Isaiah may have known the specifics about the three witnesses and other selected witnesses to the Book of Mormon, about the sealed and unsealed portions of that particular book, and about the three men-one who was not learned, one who was learned, and one go-between. It was Nephi, however, not Isaiah, who wrote about these things. Once Nephi had likened the words of Isaiah 29 to the coming forth of the Book of Mormon, the Nephites accepted this likening as the standard interpretation of Isaiah's words for them, and they passed that interpretation down from generation to generation. At the end of his contribution to the Book of Mormon, Nephi wrote: "I speak unto you as the voice of one crying from the dust: Farewell until that great day shall come" (2 Nephi 33:13). In the final portions of the Book of Mormon, Moroni referred twice at length to Nephi's version of Isaiah 29:
Search the prophecies of Isaiah.... [T]hose saints who have gone before me, who have possessed this land, shall cry, yea, even from the dust will they cry unto the Lord; and as the Lord liveth he will remember the covenant which he hath made with them ... ; for out of the earth shall they come, ... and it shall come even as if one should speak from the dead. And it shall come in a day when the blood of saints shall cry unto the Lord, ... in a day when there shall be heard of fires, and tempests, and vapors of smoke in foreign lands; And there shall also be heard of wars, rumors of wars, and earthquakes in divers places. (Mormon 8:23, 26-27, 29-30)
I exhort you to remember these things; ... ye shall see me at the bar of God; and the Lord God will say unto you: Did I not declare my words unto you, which were written by this man, like as one crying from the dead, yea, even as one speaking out of the dust? (Moroni 10:27)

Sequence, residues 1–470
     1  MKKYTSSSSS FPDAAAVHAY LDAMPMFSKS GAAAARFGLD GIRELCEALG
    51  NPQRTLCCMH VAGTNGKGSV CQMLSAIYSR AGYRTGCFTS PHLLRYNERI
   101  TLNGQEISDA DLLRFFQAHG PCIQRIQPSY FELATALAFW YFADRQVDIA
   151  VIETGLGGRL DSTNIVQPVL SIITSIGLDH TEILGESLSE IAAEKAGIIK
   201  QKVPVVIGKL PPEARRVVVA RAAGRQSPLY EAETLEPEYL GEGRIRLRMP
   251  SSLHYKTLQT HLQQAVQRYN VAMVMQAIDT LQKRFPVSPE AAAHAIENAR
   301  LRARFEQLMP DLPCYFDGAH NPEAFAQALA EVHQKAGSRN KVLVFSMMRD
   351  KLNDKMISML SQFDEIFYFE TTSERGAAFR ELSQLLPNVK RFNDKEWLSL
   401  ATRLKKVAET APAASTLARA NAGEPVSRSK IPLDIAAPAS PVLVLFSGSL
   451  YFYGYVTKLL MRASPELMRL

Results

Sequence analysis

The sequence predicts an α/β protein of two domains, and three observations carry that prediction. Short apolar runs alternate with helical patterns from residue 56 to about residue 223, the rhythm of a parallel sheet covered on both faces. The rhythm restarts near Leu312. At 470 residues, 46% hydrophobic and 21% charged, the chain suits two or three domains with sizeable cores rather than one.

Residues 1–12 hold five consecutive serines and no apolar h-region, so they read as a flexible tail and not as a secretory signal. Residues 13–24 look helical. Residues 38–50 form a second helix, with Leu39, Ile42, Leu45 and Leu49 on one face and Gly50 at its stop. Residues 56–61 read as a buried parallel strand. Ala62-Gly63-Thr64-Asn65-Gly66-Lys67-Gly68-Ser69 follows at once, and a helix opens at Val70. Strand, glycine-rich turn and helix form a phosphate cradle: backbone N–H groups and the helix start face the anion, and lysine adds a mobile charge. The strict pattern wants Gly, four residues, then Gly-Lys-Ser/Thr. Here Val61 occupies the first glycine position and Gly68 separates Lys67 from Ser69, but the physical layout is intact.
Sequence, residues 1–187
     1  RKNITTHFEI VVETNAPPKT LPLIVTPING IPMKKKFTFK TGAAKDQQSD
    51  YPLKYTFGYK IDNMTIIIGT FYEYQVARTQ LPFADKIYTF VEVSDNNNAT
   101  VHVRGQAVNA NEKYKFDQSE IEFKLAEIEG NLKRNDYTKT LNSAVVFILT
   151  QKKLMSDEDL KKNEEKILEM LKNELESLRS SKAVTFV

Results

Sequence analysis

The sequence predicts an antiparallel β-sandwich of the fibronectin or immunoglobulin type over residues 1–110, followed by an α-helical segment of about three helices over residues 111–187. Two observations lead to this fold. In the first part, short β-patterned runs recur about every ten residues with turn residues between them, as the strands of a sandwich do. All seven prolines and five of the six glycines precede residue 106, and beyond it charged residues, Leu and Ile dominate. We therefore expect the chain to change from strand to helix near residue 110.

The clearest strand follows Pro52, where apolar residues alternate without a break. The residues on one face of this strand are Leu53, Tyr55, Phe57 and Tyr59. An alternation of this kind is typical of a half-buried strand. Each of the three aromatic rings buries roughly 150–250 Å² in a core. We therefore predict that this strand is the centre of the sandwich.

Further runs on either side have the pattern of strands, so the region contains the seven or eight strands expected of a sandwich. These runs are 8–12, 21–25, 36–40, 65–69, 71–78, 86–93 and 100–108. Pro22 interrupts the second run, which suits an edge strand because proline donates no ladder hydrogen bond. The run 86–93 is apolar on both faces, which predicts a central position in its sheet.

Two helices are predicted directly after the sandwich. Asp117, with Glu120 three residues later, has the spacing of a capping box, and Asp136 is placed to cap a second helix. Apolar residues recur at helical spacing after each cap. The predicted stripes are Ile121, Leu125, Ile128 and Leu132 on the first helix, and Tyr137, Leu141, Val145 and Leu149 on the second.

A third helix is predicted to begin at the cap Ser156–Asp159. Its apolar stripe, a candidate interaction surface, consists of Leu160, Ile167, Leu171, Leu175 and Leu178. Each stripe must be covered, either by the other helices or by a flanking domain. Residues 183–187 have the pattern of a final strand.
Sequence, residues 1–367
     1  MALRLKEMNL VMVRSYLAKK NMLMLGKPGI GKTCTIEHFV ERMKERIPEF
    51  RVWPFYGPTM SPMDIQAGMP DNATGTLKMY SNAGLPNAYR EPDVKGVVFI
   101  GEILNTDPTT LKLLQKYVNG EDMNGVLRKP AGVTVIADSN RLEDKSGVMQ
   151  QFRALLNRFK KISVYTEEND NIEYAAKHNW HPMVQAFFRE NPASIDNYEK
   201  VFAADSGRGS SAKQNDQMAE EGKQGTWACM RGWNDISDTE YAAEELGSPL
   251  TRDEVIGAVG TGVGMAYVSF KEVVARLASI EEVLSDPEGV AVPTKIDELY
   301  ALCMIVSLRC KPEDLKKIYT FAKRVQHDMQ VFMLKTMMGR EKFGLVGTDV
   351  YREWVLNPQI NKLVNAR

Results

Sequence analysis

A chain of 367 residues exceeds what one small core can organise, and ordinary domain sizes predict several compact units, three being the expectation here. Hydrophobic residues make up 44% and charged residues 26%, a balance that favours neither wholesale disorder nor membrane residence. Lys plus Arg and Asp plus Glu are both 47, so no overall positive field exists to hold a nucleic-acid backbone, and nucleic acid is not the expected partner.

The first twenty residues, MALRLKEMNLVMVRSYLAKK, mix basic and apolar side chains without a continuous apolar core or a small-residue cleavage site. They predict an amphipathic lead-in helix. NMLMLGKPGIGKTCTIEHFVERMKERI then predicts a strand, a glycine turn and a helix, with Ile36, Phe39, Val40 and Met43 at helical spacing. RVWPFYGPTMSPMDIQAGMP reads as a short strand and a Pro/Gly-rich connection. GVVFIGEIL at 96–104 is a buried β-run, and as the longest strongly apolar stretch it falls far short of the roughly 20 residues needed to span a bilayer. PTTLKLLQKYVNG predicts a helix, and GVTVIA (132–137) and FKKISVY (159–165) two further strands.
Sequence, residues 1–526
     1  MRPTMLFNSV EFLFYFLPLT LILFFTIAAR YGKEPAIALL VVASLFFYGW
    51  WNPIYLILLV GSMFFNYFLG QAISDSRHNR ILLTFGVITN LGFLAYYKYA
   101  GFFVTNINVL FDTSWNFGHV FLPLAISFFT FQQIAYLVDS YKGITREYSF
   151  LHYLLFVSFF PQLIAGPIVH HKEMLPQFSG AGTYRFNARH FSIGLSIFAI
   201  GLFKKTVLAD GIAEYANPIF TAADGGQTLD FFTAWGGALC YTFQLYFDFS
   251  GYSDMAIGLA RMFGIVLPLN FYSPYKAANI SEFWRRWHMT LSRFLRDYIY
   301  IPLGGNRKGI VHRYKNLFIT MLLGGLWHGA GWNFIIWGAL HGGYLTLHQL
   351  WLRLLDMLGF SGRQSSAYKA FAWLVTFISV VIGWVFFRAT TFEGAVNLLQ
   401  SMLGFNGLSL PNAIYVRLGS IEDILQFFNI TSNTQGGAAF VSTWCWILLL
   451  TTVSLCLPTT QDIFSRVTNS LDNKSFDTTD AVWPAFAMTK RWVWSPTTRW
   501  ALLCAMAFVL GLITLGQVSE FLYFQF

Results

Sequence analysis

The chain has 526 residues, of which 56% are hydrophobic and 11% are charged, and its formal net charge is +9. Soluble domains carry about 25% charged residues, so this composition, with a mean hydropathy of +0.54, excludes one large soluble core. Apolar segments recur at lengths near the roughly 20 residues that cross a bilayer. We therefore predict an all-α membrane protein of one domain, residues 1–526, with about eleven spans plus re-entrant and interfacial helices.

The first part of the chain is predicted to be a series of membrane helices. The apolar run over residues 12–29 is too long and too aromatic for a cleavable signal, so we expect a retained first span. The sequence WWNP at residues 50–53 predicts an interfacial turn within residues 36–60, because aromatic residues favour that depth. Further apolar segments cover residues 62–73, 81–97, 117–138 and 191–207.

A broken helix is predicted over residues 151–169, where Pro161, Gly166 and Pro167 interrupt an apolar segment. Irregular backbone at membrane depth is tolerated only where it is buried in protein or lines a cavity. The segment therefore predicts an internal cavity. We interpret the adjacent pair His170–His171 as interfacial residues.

Moroni later introduced Nephi's likened version of Isaiah 29 to the latter-day dispensation when he appeared in 1823 to the Prophet Joseph Smith (see details below).
2 Nephi 28:1-2
Nephi bears testimony that the Spirit has guided his words thus far (see verse 1). He reminds his readers that the Book of Mormon will be of great worth unto the children of men and especially unto his seed, "a remnant of the house of Israel" (verse 2) in the days of their antagonists, the gentiles.
2 Nephi 28:3-32, with Words Likened from Isaiah 29:11, 13, 15, 21
Using fewer of Isaiah's words than he did in 2 Nephi 27, Nephi nevertheless continues to liken in chapter 28. Isaiah spoke of those among the Jews whose heart was far from the Lord (see Isaiah 29:13); of those who "seek deep to hide their counsel from the Lord, and their works are in the dark" (Isaiah 29:15); of those whose fear toward the Lord "is taught by the precept of men" (Isaiah 29:13); and of those who "turn aside the just for a thing of nought" (Isaiah 29:21). Each of these concepts finds place in Nephi's warnings to the gentile churches of the last days (see, respectively, 2 Nephi 28:9, 20; 28:9; 28:14, 31; and 28:16). These churches deny the Holy One of Israel (see verse 5) and, by teaching with their learning, deny also the Holy Ghost (see verse 4), but "the blood of the saints shall cry from the ground against them" (verse 10; compare Isaiah 29:4).32
The Lord's response to the cry from the ground is his judgment upon the wicked, a theme that recalls Isaiah 29:18-21. Nephi likens a phrase from Isaiah 29:18, "in that day shall the deaf hear the words of the book," to the role of the Book of Mormon in the final judgment of all peoples. Earlier, in 2 Nephi 25:3, he had announced that his "own prophecy" would speak of judgments to those who would receive his writings-2 Nephi 25:18 states that the Book of Mormon will judge the Jews; 2 Nephi 25:21-22 says the same of the Nephites and Lamanites; 2 Nephi 28:23 reveals that the gentiles will be judged according to their works, but 2 Nephi 29:11 clarifies that the works of all men are written in "the books," books that are "sealed" for the time of judgment. As in Isaiah's sealed-book image, ignored prophetic words are closed up by the Lord, to be opened someday as a testimony against the heedless.